Ukraine: the standard gasoline is 95 RON, but 92 RON gasoline is also widely available and popular as a less expensive replacement for 95 RON gasoline. 80 RON gasoline is available for old cars and motorcycles.
United Kingdom: 'regular' gasoline has an octane rating of 95 RON, with 97 RON fuel being widely available as the Super Unleaded. Tesco and Shell both offer 99 RON fuel. In April 2006, BP started a public trial of the super-high octanegasolineBP Ultimate Unleaded 102, which as the name suggests, has an octane rating of 102 RON. Although BP Ultimate Unleaded (with an octane rating of 97 RON) and BP Ultimate Diesel are both widely available throughout the UK, BP Ultimate Unleaded 102 was available throughout the UK in only 10 filling stations, and was priced at about two and half times more than their 97 RON fuel. In March 2010, BP stopped sales of Ultimate Unleaded 102, citing the closure of their specialty fuels manufacturing facility. Shell V-Power is also available, but in a 99 RON octane rating, and Tesco fuel stations also supply the Greenergy produced 99 RON "Momentum99".
United States: in the US octane rating is displayed in AKI. In most areas, the standard grades are 87, 89-90 and 91-94 AKI. In the Rocky Mountain (high elevation) states, 85 AKI (90 RON) is the minimum octane, and 91 AKI (95 RON) is the maximum octane available in fuel. The reason for this is that in higher-elevation areas, a typical naturally aspirated engine draws in less air mass per cycle because of the reduced density of the atmosphere. This directly translates to less fuel and reduced absolute compression in the cylinder, therefore deterring knock. It is safe to fill a carbureted car that normally takes 87 AKI fuel at sea level with 85 AKI fuel in the mountains, but at sea level the fuel may cause damage to the engine. A disadvantage to this strategy is that most turbocharged vehicles are unable to produce full power, even when using the "premium" 91 AKI fuel. In some east coast states, up to 94 AKI (98 RON) is available. As of January, 2011, over 40 states and a total of over 2500 stations offer ethanol-based E-85 fuel with 105 AKI. Often, filling stations near US racing tracks will offer higher octane levels such as 100 AKI .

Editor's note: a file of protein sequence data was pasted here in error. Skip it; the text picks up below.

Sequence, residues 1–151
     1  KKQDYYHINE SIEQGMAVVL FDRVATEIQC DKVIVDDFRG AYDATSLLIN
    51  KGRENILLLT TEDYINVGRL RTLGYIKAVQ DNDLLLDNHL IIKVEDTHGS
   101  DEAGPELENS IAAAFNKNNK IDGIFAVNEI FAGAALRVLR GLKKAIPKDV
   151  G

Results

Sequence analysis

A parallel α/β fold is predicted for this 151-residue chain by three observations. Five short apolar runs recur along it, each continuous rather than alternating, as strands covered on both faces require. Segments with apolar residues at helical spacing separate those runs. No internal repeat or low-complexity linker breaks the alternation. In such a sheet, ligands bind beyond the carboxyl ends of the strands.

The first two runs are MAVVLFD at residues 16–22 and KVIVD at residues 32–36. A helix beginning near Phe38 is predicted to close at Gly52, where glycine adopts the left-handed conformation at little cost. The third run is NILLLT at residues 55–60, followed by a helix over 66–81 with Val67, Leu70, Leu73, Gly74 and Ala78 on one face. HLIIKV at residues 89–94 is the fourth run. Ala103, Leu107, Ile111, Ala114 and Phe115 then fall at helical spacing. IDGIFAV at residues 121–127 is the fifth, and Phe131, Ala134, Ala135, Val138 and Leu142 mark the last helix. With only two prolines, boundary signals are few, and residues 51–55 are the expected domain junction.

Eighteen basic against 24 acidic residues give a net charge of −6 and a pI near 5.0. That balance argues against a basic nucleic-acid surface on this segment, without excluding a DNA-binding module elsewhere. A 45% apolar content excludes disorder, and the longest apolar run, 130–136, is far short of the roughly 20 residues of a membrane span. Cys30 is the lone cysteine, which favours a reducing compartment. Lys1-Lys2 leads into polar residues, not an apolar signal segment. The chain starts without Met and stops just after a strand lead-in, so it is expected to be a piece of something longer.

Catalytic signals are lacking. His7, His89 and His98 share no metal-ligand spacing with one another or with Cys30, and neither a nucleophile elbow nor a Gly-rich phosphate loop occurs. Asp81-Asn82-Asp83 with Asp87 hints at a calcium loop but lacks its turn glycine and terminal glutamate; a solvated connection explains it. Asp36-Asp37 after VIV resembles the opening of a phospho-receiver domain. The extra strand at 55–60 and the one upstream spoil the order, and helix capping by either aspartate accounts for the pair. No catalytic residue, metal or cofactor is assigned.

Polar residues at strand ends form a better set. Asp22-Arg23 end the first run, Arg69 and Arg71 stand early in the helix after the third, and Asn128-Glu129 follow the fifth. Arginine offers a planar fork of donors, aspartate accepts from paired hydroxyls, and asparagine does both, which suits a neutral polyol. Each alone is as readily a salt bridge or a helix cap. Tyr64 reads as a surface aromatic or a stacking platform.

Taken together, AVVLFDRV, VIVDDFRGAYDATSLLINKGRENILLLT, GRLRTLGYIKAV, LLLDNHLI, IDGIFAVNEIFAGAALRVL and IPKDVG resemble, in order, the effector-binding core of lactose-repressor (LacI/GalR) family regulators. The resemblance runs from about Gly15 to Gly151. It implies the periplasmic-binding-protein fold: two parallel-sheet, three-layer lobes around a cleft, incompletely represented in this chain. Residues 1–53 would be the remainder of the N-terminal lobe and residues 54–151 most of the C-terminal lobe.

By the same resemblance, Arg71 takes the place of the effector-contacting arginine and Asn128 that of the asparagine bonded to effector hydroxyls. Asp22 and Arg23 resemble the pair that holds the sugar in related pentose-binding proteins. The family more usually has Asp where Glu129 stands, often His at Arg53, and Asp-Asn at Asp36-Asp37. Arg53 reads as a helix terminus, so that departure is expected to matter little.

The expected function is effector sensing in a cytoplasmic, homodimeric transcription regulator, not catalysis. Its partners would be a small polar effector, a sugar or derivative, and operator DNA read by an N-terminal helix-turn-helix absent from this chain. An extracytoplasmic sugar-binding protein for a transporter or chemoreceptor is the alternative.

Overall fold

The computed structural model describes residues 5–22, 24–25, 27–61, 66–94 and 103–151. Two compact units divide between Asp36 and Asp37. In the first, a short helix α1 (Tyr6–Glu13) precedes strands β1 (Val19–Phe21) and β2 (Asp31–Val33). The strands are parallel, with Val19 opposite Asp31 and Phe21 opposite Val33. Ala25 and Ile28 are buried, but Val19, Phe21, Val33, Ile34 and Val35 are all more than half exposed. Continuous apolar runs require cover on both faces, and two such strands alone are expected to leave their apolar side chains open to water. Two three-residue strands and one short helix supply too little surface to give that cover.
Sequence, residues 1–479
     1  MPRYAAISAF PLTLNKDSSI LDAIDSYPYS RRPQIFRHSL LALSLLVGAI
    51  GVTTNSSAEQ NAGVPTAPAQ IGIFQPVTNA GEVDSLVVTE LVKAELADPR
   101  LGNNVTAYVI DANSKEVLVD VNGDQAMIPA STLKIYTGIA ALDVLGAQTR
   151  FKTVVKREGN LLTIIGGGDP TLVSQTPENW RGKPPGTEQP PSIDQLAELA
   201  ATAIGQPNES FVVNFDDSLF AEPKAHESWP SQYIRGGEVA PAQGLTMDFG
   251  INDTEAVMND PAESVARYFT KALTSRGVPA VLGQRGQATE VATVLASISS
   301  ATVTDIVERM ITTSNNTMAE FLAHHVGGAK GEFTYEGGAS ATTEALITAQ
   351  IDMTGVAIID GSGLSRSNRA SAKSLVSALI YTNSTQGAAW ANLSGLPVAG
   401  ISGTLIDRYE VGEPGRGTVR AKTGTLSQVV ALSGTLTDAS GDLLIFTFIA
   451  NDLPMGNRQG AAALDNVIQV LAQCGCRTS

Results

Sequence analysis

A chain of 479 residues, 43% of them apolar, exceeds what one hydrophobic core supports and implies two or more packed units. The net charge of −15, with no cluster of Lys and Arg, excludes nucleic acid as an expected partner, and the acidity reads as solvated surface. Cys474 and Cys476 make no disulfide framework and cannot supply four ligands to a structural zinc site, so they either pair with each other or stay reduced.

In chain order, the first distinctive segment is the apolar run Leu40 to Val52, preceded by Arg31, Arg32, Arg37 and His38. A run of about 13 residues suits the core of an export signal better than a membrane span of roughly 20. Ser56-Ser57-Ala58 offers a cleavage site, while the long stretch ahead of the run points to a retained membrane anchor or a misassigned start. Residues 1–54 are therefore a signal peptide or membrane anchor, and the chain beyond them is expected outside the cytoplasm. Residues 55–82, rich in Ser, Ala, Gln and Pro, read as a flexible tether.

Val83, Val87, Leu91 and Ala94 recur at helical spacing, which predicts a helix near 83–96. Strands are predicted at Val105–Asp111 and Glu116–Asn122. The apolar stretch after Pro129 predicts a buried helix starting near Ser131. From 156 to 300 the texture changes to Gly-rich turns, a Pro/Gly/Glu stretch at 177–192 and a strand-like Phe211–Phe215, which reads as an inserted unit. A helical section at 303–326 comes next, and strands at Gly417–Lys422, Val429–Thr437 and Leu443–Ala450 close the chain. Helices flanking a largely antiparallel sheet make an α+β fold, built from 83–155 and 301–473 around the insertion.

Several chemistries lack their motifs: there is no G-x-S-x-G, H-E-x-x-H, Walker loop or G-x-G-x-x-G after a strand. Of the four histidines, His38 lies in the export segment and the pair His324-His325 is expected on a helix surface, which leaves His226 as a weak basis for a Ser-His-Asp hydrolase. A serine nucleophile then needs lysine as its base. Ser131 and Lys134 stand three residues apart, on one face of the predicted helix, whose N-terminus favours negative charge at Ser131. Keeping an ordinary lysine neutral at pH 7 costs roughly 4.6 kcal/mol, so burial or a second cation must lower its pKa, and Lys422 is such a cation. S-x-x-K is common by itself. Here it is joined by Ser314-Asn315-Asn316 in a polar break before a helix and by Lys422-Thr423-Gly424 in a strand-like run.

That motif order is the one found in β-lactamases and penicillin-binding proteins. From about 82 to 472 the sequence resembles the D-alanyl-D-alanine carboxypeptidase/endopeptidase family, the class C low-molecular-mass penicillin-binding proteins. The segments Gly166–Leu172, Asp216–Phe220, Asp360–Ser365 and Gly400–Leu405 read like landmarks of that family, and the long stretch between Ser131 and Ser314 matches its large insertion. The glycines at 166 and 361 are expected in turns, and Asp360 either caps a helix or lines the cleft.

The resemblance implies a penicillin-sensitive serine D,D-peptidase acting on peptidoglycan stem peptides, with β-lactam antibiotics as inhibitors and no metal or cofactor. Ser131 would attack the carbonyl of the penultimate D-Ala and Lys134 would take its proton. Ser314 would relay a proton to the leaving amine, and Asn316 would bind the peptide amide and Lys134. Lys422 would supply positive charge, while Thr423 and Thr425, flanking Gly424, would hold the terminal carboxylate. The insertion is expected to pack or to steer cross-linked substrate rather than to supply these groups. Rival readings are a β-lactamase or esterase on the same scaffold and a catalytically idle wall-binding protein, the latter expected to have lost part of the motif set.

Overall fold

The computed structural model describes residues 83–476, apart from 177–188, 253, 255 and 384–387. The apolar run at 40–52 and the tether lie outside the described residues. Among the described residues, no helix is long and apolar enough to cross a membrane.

Venezuela: 91 RON and 95 RON gasoline is available nationwide, in all PDV gas stations. 95 RON gasoline is the most widely used in the country, although most cars in Venezuela would work with 91 RON gasoline. This is because gasoline prices are heavily subsidized by the government (0.$083 per gallon 95 RON,vs 0.$061 per gallon 91 RON). All gasoline in Venezuela is unleaded.
Vietnam: 92 is in every gas station and 95 is in the urban areas.
Zimbabwe: 93 octane available with no other grades of fuels available, E10 which is an ethanol blend of fuel at 10% ethanol is available the octane rating however is still to be tested and confirmed but it is assumed that its around 95 Octane. E85 available from 3 outlets with an octane rating AKI index of between 102-105 depending on the base petrol the Ethanol is blended with.
^ abcDaniel, Ritchie (2012). "'Combustion performance of 2,5-dimethylfuran blends using dual-injection compared to direct-injection in an SI engine'". Applied Energy98: 59–68. doi:10.1016/j.apenergy.2012.02.073.